For thru-hikers traveling through the southern portion of Canyonlands there are many options for traversing the Needles District. I get a few emails every year from those doing the Hayduke Trail asking which is the BEST route. IMHO there really is not a “bad” way through the Needles, but it’s hard to say if there is a “best”. The best-for-you will likely depend on a number of factors such as: amount of time available, eventual direction, need for re-supply and/or permit, and which sights you want to see the most. I’ve summarized my suggestions below, but see the linked pages for even more detail for each portion:
The Official Hayduke
The “by-the-book” official route is likely one of the fastest routes through the park. At just over 20 miles a fast hiker could very well get from boundary to boundary within a day and thus bypass the necessary red-tape required to camp within the park (and avoid most of the crowds too). Besides maybe a short diversion to Confluence Overlook, there otherwise wouldn’t be much time to linger w/o camping. One could expedite the trip through the park even more via the Bobbys Hole and Ruin Park Alternate skipping the sandy Butler Wash portion of the official route and likely get to Beef Basin in even less time.
“Heart of the Needles” Alternate
The efficiency of the official route comes at a cost of arguably not being the most scenic. The “Heart of the Needles” Alternate alleviates this somewhat with just a few added miles to dissect the namesake of the area and see Chesler Park and the Joint Trail. Of course if you go this way you might be tempted to also include upper Elephant Canyon where one can likely fill up on water en route to seeing the impressive Druid Arch. Doing this will likely require camping in the area for a night though (and an in-demand permit reservation).
Connecting via Visitor Center and/or Needles Outpost
It seems more and more hikers are opting to head south from the Lower Jump area and towards the Visitor Center and/or Needles Outpost. The Visitor Center is a necessary stop if you plan to camp in the park and do not already have your permit. The Needles Outpost is a privately run camp and store just outside the park boundary. Managers Caleb and Amber are extremely friendly to thru-hikers and are willing to accept re-supply packages if arranged in advance (UPS only.)
One could backtrack from this area and continue on the official Hayduke route, but really there are better options at this point which would take one through the main Needles area similar to the alternate described above and re-connect with the Hayduke at Butler Wash. Here are the best options when starting near the Visitor Center:
- Fastest Route: walk the road to Squaw Campground, then follow the trail toward Chesler Park. The initial road walk is a bit of a drag, but there’s a chance to fill up with water at the campground and then heading toward Chesler Park is a pretty nice walk.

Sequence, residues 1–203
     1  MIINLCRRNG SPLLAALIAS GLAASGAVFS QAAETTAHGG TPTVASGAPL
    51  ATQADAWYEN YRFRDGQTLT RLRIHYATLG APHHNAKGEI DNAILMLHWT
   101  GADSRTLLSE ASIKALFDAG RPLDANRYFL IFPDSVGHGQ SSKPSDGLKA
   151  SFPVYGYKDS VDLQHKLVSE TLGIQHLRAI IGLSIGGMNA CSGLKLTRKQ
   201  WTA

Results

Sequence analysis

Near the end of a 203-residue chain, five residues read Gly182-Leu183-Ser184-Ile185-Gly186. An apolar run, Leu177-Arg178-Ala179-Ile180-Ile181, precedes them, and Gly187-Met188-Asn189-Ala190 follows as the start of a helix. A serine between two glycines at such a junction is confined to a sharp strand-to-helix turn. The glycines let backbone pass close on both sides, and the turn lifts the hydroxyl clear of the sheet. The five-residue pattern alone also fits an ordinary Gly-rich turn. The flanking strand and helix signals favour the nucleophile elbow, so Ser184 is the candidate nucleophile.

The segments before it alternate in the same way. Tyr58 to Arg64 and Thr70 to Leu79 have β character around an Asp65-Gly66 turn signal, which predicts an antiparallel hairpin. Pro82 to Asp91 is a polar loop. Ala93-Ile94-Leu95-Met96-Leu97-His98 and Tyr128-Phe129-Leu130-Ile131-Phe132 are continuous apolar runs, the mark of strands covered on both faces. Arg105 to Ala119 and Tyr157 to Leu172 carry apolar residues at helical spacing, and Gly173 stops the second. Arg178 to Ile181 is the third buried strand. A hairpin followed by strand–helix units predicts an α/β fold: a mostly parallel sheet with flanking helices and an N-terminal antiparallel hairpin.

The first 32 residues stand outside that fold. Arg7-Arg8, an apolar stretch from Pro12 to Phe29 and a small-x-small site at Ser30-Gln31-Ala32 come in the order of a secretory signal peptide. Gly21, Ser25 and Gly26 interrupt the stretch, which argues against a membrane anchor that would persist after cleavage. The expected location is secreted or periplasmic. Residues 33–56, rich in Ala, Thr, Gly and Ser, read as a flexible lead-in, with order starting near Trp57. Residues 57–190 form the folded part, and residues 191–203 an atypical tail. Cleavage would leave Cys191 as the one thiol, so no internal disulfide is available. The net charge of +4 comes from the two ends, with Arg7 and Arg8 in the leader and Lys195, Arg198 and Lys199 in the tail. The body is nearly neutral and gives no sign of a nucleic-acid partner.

- Big Spring and Squaw Canyons: this way is more exciting though slightly longer (+1.2 miles). South of the campground, continue up Big Spring Canyon and over the ladders in upper Squaw Canyon before dropping back down into Elephant Canyon.
- Peekaboo Connector Routes: a longer option still, this way skips the road walk and is the most scenic. Head south from the Needles Outpost area traveling up Salt Creek and then head east via the awesome Lost Canyon and the Peekabo Connector Route.
Major Alternate Options:
Salt Creek Canyon
It also seems that many Haydukers are opting for the Salt Creek Alternate. There’s no denying that Salt Creek is amazing with its perennial stream and abundance of archaeological sites. However, including it in a thru-hike itinerary can be a challenge. At nearly 30 miles in length it’s hard to traverse it in a day — especially considering all the cool sights to see. One really should camp at least one night, however getting a permit is not easy as the area is quite popular. Moreover in recent years black bears have become quite common here and thus bear containers are now required for all over-night stays. According to park rangers illegal camping in this area has become a considerable problem and they are ready to implement harsh penalties — so don’t do it.
The Maze and Happy Canyon
One last consideration is if one plans to go over to The Maze area instead of heading south to Beef Basin and Dark Canyon. One can read the pros/cons of this route in the Happy Maze Alternate detail, but if opting for this route it really comes down to how much time you wish to allocate to seeing the heart of the Needles and/or if headed to the Visitor Center/Needles Outpost first. The above options are still viable with some tweaks eventually leading one down to the Colorado River via Red Lake Canyon or the off-trail routes north of the Confluence.